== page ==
Google has relaxed its opposition to European regulators and will hand over the open wireless network data it collected from its Street View cars over the past three years.
Google's chief executive, Eric E. Schmidt, told The Financial Times the company would share the data collected with regulators in Germany, Spain, France and Italy. It is suspected the data contained personal information including e-mails and bank account numbers.
Last week Google said in a statement that there was legal challenges they had to review, before handing over data to German regulators in Hamburg. "We are continuing to discuss the appropriate legal and logistical process for making the data available." These issues would appear to be resolved with Google's recent decision.
Google's revelation last month outlined that 600 gigabytes of personal data was collected from the camera-mounted cars in its Street View program, taken from unencrypted Wi-Fi networks. The code responsible for the collection of this data was in "clear violation" of Google's rules and an internal investigation is underway.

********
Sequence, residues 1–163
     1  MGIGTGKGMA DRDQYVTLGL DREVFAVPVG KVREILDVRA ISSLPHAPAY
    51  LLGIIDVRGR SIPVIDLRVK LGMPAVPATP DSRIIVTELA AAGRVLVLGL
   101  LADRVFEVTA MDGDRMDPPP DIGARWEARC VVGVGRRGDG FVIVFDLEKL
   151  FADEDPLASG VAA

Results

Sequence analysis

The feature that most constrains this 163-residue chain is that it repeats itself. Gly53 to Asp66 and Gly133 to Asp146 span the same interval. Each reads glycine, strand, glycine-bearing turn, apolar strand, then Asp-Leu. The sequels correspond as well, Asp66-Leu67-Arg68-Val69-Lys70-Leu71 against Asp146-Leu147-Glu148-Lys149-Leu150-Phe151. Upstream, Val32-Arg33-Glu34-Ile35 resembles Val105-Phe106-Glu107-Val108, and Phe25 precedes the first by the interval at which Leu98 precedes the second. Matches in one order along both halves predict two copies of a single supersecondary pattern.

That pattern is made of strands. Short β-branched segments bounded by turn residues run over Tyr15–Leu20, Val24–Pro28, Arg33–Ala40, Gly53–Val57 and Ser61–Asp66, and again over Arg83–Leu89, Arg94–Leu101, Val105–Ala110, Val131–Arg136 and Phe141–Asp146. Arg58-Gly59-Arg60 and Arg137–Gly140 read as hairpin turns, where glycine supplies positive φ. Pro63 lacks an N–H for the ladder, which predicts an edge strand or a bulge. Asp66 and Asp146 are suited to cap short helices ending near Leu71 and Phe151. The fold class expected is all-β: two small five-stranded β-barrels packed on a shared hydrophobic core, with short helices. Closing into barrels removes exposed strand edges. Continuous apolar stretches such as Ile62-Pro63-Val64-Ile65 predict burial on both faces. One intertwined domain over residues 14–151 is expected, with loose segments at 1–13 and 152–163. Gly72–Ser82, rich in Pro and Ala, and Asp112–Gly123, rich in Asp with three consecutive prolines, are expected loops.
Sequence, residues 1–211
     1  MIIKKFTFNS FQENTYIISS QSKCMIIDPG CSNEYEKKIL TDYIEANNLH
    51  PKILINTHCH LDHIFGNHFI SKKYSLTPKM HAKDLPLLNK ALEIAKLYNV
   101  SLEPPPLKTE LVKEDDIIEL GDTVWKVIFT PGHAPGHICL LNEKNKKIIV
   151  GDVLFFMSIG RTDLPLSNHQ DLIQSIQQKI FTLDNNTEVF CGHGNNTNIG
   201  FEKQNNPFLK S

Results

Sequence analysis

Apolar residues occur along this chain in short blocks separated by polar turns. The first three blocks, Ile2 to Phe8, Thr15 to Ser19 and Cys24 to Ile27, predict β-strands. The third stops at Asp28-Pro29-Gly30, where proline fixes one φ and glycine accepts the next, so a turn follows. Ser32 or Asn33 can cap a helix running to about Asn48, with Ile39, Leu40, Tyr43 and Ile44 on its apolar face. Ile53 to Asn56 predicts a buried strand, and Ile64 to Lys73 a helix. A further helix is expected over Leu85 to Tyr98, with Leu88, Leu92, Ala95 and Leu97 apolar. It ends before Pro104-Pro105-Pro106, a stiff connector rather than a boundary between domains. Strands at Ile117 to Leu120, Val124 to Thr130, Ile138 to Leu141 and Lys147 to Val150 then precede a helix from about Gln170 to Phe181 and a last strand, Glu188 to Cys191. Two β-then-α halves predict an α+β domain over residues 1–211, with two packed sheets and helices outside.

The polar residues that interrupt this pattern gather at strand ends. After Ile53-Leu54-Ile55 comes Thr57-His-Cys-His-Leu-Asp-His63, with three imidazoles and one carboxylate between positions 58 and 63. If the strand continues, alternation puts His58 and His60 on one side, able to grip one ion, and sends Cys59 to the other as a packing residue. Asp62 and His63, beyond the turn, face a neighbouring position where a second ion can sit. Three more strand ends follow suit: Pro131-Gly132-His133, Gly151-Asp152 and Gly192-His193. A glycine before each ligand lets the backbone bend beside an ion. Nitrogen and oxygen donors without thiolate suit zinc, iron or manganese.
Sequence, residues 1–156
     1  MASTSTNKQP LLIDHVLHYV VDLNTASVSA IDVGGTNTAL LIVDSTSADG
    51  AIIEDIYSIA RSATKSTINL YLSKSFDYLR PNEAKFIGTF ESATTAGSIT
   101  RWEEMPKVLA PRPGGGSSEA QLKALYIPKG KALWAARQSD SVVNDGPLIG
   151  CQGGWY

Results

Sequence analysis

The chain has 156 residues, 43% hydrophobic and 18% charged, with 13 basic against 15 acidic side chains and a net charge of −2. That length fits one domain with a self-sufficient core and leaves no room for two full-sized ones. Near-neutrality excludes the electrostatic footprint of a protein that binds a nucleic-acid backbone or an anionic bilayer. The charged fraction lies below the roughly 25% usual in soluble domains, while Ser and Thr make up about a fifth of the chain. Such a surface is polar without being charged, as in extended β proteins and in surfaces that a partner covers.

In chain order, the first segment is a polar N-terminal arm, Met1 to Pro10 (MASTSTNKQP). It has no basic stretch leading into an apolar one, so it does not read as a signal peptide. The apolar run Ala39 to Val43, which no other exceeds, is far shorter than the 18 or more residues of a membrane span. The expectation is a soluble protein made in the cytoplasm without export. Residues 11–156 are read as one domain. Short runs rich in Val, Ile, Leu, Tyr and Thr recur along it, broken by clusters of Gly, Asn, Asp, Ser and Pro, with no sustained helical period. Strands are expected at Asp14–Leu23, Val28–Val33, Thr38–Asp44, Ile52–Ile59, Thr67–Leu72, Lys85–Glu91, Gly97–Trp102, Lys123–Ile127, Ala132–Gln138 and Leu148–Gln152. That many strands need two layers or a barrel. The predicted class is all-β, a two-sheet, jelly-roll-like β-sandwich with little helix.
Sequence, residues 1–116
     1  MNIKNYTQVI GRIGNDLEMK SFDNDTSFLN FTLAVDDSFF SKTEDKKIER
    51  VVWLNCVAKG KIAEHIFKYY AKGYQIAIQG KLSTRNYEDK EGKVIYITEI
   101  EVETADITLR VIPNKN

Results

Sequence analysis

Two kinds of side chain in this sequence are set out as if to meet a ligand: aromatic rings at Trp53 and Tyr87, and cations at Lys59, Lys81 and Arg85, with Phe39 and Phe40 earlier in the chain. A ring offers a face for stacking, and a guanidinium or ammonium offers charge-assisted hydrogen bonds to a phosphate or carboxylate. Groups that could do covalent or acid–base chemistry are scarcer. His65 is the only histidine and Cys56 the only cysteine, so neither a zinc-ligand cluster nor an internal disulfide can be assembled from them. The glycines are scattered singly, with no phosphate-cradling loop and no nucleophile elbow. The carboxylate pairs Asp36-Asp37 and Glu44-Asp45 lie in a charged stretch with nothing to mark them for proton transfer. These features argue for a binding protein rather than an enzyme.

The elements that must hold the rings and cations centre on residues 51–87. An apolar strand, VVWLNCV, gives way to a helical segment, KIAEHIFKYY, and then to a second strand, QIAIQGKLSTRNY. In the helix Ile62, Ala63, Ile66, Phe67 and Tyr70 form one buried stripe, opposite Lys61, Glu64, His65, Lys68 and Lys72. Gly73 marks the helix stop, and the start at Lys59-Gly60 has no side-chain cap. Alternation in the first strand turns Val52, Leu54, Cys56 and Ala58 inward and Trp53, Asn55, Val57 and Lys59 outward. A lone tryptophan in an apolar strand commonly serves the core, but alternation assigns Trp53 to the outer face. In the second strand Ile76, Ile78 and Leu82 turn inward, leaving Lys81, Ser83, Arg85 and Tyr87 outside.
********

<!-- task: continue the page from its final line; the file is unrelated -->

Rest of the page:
Schmidt felt the company had to be transparent and the company would not change its culture allowing engineers to have the freedom to create new products and services from their own projects. "We screwed up. Let's be very clear about that. If you are honest about your mistakes it is the best defense for it not happening again."
The results of the internal and external investigations of Google's Wi-Fi data collection practices would be made public when available.
The Federal Trade Commission in the U.S. said it will look at the company's data collection practices, but it has not pursued its investigation as aggressively as European regulators have. Despite this, lawsuits have been filed against Google in as many as three states over their Wi-Fi data collection practices.